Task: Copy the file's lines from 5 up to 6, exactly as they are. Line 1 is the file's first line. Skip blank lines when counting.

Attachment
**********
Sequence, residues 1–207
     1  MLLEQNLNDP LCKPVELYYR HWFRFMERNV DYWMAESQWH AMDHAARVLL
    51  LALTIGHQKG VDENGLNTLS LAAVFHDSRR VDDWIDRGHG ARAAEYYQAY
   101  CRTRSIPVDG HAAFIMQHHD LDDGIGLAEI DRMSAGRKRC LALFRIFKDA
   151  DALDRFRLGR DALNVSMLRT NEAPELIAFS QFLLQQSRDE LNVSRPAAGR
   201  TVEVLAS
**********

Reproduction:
   151  DALDRFRLGR DALNVSMLRT NEAPELIAFS QFLLQQSRDE LNVSRPAAGR
   201  TVEVLAS